Namori followed her to a table strewn with scrolls, texts, even a clay tablet scratched with some Gaijin script she’d never seen. She stood at Yanai’s shoulder, not sure what she was looking at. Yanai picked through the stacks until she found a small scroll of something that was not rice paper, but a pliable, tough material she couldn’t pin down. The dark brown writing looked somewhat like Ivendi, but she couldn’t be sure.

“This is something one of the Maidens brought me. I’ve had a local scholar translate some of it, and it is fascinating. Listen to this:

  • The one who sets the conditions of victory will always be victorious. If the game does not favor you, change the game.
  • If your opponent is strong, make weakness a virtue. If your opponent is fast, choose a route at which speed is irrelevant.
  • The person who can bear the greatest discomfort will always prevail in long battles.
  • More can be learned from failure than success. It is in our ability to learn that we show our true worth.

“These are good words, Namori-san. I have read all the books of strategy I could find, and they each have wisdom in them, but I have been intrigued by this old scroll,” Yanai looked to her, then back to the scroll again, beginning to be engrossed in the words of the old Gaijin strategist.

“Yes, clearly. Intriguing. That said, I was hoping for your personal insights. For instance, how do you balance your love of strategy, your study of all the things that make a Battle Maiden what she is, and your other interests?”

Yanai looked genuinely puzzled. “I’m not sure what you are asking. Being a Utaka is everything to me. I make no choice. My attention is never divided.”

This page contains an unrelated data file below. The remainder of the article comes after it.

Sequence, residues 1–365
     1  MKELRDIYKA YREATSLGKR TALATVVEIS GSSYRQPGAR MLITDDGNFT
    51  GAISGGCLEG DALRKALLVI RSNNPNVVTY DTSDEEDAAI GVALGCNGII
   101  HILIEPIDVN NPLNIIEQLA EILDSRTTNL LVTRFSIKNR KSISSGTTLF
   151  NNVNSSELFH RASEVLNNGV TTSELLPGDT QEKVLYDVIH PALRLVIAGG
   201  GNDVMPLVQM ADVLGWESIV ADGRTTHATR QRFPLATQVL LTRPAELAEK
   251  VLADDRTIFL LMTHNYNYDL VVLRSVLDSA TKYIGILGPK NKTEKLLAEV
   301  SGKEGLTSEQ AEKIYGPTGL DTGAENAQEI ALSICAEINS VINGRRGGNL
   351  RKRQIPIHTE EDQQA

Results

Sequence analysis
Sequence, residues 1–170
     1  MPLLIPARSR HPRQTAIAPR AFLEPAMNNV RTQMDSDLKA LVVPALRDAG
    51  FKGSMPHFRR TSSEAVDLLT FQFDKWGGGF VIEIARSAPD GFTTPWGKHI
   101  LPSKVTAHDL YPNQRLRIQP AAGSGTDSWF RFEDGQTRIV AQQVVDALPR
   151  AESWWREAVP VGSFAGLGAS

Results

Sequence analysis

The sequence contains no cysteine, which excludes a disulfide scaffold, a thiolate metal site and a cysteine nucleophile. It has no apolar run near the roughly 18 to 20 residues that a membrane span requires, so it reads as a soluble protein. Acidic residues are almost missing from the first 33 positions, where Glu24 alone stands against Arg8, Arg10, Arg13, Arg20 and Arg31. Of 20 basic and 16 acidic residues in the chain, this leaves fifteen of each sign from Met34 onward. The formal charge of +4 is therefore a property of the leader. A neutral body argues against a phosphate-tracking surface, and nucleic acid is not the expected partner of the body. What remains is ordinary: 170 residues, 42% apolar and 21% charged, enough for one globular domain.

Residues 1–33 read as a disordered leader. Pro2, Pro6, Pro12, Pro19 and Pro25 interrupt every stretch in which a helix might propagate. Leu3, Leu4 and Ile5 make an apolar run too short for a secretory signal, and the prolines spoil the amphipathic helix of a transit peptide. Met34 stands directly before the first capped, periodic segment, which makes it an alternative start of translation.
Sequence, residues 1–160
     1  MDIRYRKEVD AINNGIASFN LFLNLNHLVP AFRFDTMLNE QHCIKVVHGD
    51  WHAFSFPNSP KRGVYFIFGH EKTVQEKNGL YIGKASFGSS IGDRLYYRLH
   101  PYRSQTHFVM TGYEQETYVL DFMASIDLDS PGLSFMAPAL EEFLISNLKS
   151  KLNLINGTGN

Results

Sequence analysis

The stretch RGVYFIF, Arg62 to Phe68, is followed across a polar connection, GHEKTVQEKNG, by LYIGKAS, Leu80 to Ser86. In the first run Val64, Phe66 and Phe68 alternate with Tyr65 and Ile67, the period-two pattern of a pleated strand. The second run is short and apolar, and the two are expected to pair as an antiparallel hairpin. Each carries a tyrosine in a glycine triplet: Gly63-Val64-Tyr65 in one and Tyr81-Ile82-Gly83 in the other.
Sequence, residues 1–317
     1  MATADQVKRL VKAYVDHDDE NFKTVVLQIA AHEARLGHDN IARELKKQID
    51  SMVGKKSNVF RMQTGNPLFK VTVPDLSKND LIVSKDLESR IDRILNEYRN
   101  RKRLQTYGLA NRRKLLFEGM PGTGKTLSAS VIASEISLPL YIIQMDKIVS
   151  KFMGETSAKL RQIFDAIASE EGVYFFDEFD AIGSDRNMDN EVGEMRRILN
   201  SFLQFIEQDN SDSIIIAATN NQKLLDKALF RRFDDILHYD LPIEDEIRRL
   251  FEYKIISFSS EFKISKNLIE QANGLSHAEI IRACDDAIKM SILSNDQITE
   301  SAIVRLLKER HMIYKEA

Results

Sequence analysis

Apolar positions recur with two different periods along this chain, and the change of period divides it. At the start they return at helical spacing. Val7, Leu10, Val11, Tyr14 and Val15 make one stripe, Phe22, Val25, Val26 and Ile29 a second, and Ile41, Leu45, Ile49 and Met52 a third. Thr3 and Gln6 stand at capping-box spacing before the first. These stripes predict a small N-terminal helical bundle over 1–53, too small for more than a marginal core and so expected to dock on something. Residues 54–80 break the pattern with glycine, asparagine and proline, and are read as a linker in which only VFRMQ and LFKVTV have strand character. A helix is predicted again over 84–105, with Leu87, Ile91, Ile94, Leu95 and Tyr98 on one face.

“Ah. I see.” Namori inwardly quailed. She would find no help here, either. Nevertheless, she would continue, for at least a few minutes, if only to make a good showing of it. “What of setbacks? How do you cope with times when events do not go as you hope?”

“When I am angry?” Yanai gave a grin that was more than a little frightening. “I savor it. I keep it like a memento of a childhood friend. I wait until the time is right, and then I use that anger, until the blood bursts from my enemy’s body and splashes on the legs of my steed.”

Namori unconsciously moved backward a few inches. She could see the dreams of battle in Yanai’s eyes. She was not frightened of Vindicator Tanzen, because though he was a killing implement to the roots of his being, he was in perfect control. Utaka Yanai, like Namori herself, was made up of barely restrained fires. She was no more efficiently coping with the forge within her belly than Namori did.

They talked for a few minutes more, but Namori had already learned as much as she would from this woman. She prayed only that there would be some man, some samurai equally consumed with the art of war, who would come into her life one day. Otherwise, she would be lonely, a Maiden who would grow old in the service of her Clan and never know a gentle touch.

Kaede met her at the door, returning her knife. She seemed shy now, looking out from under her bangs with veiled eyes. “I hope your meeting with Yanai-sama went well, Namori-san. If you ever wish to speak with me, about anything and at any hour, I am at your service. I would like very much to be your friend.”

Namori bowed to Kaede and took her leave. She had missed the mark when she had planned her visit here, and she was not certain that she had accomplished anything more than putting herself in a series of uncomfortable positions. Why did Kaede want to be her friend? Was there anyone she could talk to about all this? There was only one person she really needed to have words with, and he was across the sea, unreachable. She didn’t think he’d ever received a single letter she’d sent. They got lost, or the monstrous Akodo kept them from him, so that he would not be tempted to leave their bondage and come to her.